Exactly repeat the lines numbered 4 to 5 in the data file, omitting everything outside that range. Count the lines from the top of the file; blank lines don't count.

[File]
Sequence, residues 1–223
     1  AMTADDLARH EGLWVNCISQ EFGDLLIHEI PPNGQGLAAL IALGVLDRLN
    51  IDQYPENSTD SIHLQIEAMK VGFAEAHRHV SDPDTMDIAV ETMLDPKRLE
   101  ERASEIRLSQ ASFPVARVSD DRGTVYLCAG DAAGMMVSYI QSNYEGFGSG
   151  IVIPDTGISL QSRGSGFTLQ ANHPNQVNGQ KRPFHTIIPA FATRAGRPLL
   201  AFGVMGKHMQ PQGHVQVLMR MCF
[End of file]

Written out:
   101  ERASEIRLSQ ASFPVARVSD DRGTVYLCAG DAAGMMVSYI QSNYEGFGSG
   151  IVIPDTGISL QSRGSGFTLQ ANHPNQVNGQ KRPFHTIIPA FATRAGRPLL